Marigold lifted me out and carried me up the steps and put me into a chair like my own which the Fenimores have the goodness to keep in a hall cupboard for my use.
"What's the matter, Pardoe?" I asked.
"Sir Anthony and her ladyship will tell you, sir. They're in the morning room."
So I was shewn into the morning room—a noble square room with French windows, looking on to the wintry garden, and with a log fire roaring up a great chimney. On one side of the fire sat Sir Anthony, and on the other, Lady Fenimore. And both were crying. He rose as he saw me—a short, crop-haired, clean-shaven, ruddy, jockey-faced man of fifty-five, the corners of his thin lips, usually curled up in a cheery smile, now piteously drawn down, and his bright little eyes now dim like those of a dead bird. She, buxom, dark, without a grey hair in her head, a fine woman defying her years, buried her face in her hands and sobbed afresh.
"It's good of you to come, old man," said Sir Anthony, "but you're in it with us."
He handed me a telegram. I knew, before reading it, what message it contained. I had known, all along, but dared not confess it to myself.
"I deeply regret to inform you that your son, Lieutenant Oswald Fenimore, was killed in action yesterday while leading his men with the utmost gallantry."
I had known him since he was a child. By reason of my wife's kinship, I was "Uncle Duncan." He was just one and twenty, but a couple of years out of Sandhurst. Only a week before I had received an exuberant letter from him extolling his men as "super-devil-angels," and imploring me if I loved him and desired to establish the supremacy of British arms, to send him some of Mrs. Marigold's potted shrimp.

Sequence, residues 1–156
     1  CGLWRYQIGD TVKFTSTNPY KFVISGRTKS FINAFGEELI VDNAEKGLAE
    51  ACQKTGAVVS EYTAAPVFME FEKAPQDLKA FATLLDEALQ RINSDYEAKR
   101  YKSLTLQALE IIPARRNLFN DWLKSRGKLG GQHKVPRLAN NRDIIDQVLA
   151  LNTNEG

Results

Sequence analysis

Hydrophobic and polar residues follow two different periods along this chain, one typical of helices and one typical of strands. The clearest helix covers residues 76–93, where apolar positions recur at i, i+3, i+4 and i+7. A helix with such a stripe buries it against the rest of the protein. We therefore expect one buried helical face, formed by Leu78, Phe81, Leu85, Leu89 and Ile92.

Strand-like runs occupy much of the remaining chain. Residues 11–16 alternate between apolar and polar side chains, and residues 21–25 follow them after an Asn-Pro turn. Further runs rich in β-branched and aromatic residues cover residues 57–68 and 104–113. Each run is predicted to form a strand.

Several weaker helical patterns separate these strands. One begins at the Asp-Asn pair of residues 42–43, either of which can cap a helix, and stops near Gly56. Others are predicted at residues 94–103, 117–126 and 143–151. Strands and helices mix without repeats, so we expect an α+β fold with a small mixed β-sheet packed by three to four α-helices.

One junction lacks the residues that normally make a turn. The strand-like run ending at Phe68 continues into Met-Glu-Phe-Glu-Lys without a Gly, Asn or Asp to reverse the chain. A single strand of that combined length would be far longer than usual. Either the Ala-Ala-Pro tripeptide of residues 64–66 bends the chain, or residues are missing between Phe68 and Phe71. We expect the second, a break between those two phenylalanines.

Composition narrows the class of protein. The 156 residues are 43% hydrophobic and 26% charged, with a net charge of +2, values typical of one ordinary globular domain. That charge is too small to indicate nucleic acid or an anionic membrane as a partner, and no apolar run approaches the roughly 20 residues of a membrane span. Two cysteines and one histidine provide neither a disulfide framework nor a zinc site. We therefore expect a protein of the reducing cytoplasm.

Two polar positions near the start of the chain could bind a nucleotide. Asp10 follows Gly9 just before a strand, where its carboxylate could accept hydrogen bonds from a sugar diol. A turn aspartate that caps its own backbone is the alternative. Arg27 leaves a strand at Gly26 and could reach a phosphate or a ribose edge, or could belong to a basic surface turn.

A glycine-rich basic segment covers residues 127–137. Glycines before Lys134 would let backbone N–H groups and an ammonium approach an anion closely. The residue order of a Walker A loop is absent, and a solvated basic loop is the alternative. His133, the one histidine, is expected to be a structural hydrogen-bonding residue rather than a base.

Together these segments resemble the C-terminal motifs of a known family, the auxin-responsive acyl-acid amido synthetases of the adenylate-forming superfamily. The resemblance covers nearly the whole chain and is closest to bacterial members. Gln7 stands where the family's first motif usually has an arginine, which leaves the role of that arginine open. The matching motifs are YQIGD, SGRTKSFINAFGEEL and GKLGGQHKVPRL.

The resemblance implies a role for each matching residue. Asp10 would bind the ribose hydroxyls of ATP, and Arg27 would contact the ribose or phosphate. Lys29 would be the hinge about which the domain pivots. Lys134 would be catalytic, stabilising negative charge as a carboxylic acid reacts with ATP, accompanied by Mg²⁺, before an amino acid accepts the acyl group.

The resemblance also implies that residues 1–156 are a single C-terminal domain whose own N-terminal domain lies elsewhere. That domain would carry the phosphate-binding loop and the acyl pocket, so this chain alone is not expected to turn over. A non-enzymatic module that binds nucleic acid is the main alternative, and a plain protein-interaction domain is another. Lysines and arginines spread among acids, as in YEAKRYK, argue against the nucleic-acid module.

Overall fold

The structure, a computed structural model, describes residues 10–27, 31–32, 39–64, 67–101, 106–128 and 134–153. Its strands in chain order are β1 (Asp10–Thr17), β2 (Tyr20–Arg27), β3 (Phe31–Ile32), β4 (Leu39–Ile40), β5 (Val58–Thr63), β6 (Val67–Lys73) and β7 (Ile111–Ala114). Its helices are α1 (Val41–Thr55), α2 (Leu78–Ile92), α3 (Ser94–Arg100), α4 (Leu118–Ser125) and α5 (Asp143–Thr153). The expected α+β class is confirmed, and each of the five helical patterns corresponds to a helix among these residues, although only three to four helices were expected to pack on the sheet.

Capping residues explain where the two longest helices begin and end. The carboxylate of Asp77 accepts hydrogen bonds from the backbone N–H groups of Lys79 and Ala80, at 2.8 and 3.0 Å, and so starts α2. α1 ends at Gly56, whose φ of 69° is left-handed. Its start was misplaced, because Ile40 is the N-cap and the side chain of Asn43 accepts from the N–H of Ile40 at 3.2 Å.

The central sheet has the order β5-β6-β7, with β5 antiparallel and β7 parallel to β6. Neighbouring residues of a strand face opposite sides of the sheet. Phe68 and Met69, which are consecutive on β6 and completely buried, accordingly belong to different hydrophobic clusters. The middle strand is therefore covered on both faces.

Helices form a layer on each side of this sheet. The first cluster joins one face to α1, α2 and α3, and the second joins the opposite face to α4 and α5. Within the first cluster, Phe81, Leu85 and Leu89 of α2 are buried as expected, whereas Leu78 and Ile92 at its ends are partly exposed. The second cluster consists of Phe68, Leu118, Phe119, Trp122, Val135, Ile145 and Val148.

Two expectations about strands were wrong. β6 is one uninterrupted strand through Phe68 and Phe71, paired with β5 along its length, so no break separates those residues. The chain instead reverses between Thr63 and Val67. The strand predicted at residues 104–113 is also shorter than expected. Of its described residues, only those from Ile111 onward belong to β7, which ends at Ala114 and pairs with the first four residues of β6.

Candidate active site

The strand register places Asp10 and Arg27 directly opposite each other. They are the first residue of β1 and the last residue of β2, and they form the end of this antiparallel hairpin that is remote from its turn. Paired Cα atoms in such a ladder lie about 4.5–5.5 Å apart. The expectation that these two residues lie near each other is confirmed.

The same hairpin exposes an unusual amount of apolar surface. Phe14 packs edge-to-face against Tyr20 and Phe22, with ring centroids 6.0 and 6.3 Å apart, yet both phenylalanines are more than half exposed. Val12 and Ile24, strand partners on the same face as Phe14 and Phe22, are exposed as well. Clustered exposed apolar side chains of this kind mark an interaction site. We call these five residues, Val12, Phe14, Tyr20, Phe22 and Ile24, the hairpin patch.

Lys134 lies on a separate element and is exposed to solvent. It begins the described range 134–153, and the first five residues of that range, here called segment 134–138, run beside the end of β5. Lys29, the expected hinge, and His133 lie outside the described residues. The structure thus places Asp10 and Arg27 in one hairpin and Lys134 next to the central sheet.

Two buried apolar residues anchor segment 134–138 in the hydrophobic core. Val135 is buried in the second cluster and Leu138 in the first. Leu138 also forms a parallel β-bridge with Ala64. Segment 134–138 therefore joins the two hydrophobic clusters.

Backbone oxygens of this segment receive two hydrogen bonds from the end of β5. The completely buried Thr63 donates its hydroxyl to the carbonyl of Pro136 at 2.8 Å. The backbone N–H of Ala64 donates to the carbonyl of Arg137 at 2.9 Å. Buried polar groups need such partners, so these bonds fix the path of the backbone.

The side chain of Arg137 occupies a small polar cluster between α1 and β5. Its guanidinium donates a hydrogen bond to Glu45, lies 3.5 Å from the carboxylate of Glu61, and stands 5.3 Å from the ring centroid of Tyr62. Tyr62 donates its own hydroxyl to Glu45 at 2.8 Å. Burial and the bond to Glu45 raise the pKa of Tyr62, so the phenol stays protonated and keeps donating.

And now, there he was dead; and, if lucky, buried with a little wooden cross with his name rudely inscribed, marking his grave.
I reached out my hand.
"My poor old Anthony!"
He jerked his head and glance towards his wife and wheeled me to her side, so that I could put my hand on her shoulder.
"It's bitter hard, Edith, but—"
"I know, I know. But all the same—"
"Well, damn it all!" cried Sir Anthony, in a quavering voice, "he died like a man and there's nothing more to be said."
Presently he looked at his watch.
"By George," said he, "I've only just time to get to my Committee."
"What Committee?" I asked.
"The Lord Lieutenant's. I promised to take the chair."
For the first time Lady Fenimore lifted her stricken face.
"Are you going, Anthony?"
"The boy didn't shirk his duty. Why should I?"
She looked at him squarely and the most poignant simulacrum of a smile I have ever seen flitted over her lips.
"Why not, darling? Duncan will keep me company till you come back."
He kissed his wife, a trifle more demonstratively than he had ever done in alien presence, and with a nod at me, went out of the room.
And suddenly she burst into sobbing again.
"I know it's wrong and wicked and foolish," she said brokenly. "But I can't help it. Oh, God! I can't help it."
Then, like an ass, I began to cry, too; for I loved the boy, and that perhaps helped her on a bit.